By Ekta R. Garg
November 8, 2017
Genre: Mainstream fiction
Release date: November 7, 2017
Rated: Bypass it / 2 stars
A man plans to commit suicide but decides to spend the day having last conversations with those closest to him. He interacts with family and colleagues, friends and acquaintances, and reflects on whether his final decision really is the best one. Author Jacob M. Appel presents a book that seems less like a story and more like a string of incidents in the dismal novel Millard Salter’s Last Day.
Millard Salter grew up in a New York City no one seems to remember anymore. Celebrities, neighborhood haunts, even the lingo people use has changed. Of course, things can change a lot in 75 years, including a person’s health. That’s why Millard has decided to take his health into his own hands. Before he gets diagnosed with a terminal illness or suffers a fall or any other ailment senior citizens usually face, he’s going to kill himself. And his 75th birthday seems like a good day for it.
Of course, Millard can’t just commit suicide without checking in with the other people in his life first. He arrives at work at St. Dymphna’s Hospital where he runs the psychiatry department only to find out a lynx is on the loose and the woman he can’t stand has heard a rumor about him retiring and wants his job. At lunch with Lysander, his 43-year-old unemployed son, he fails to impart any meaningful life principles. He even musters up the courage to call on his ex-wife after more than decades and gets an earful and a surprise.
Through it all, including an unexpected interaction with his youngest child, Maia, Millard remains steadfast in his purpose. He can’t help dropping little hints about his plans throughout the day to his nearest and dearest, although no one reads between the lines. But it doesn’t matter to Millard anymore. What matters is that he’s always lived his life on his own terms, and now he’s going to end it that way too.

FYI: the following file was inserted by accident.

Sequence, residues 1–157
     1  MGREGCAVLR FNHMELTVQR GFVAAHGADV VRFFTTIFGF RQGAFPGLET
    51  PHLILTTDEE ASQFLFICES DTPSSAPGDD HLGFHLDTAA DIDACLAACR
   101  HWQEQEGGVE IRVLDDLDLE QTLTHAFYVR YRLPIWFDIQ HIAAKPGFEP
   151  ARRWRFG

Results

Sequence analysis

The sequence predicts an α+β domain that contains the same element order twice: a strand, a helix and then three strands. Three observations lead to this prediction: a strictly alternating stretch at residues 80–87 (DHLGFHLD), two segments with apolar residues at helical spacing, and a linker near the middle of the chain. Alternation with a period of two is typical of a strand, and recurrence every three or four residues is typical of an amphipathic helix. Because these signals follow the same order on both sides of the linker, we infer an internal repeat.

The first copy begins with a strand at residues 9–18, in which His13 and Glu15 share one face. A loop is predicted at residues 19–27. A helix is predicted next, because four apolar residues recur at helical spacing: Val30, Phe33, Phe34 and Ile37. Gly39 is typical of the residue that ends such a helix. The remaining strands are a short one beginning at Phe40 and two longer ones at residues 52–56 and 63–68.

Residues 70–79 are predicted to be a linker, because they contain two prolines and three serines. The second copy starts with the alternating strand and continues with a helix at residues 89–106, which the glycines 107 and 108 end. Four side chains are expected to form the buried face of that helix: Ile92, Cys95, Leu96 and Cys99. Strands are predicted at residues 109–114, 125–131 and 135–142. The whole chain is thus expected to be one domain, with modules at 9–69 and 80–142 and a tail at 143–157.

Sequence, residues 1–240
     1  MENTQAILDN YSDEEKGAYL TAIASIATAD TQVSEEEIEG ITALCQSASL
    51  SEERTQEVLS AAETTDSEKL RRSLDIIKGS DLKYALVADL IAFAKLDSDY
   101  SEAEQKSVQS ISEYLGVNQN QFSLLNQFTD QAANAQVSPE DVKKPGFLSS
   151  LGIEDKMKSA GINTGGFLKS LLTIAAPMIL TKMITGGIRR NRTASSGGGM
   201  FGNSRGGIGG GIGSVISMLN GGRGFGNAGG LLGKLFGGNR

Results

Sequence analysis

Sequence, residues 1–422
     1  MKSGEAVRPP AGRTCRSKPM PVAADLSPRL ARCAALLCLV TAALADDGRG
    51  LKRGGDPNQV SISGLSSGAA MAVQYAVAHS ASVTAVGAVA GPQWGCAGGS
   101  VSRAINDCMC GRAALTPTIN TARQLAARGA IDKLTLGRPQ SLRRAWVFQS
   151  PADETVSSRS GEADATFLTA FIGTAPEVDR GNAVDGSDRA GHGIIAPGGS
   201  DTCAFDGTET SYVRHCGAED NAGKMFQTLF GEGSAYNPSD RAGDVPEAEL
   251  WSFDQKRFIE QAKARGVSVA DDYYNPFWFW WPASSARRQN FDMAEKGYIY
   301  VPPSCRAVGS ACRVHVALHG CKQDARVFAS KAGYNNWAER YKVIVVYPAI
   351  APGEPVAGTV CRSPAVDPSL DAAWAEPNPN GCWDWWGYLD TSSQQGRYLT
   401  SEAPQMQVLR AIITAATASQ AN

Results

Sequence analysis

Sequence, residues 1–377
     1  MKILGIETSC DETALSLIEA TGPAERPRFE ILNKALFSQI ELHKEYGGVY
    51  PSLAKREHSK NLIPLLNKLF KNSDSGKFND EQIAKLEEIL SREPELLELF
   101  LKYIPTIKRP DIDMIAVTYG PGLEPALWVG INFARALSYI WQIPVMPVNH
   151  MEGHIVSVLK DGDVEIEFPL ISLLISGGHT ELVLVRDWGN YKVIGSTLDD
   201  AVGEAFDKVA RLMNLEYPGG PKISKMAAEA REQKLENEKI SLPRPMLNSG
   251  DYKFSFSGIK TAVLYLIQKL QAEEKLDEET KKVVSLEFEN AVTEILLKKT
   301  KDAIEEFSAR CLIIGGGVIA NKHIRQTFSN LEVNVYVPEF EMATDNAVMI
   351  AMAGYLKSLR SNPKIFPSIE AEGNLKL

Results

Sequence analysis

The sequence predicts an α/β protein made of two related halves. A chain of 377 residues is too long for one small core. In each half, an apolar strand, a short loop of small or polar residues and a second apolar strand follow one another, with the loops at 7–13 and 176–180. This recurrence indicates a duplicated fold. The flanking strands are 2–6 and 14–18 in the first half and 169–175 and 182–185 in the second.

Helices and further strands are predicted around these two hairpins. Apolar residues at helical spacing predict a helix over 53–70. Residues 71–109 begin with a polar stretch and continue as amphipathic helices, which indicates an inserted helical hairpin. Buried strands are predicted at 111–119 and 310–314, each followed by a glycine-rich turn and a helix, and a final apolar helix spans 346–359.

Author Jacob M. Appel’s latest book garnered early attention as comparable to Fredrik Backman’s smash hit, A Man Called Ove. Devoted fans of the latter should definitely not read Millard Salter’s Last Day. Other than starring a protagonist intent on suicide, the two books couldn’t be more different from one another.
Appel’s novel reads less like a conventional story and more like a book-length list of incidents. The fact that the entire tome takes place over the course of a single day makes the pace drag almost unbearably. Millard wants to meet every single person who means something to him and runs into a few along the way who don’t mean that much. Going through every account will eventually exhaust readers.
While Millard’s determination may impress some readers, more of them may wonder where the story will end up. Appel tries to dress up most of the slow spots with Millard’s reminiscences of old-time New York City, but with most of the names unfamiliar to younger generations at some point readers will lose their patience.
That lack of patience will spill over to Millard as well; he comes across as wholly unlikable and insufferable. At some point his pomposity comes across almost unjustified. His decision to kill himself, then, feels as much an expression of his ego as his complaints that the current generation knows nothing of the greats of the past.
The book winds to its inevitable, and thereby disappointing, conclusion. In the end, the incidents preceding the end of the book feel less than satisfying. I recommend readers Bypass Millard Salter’s Last Day.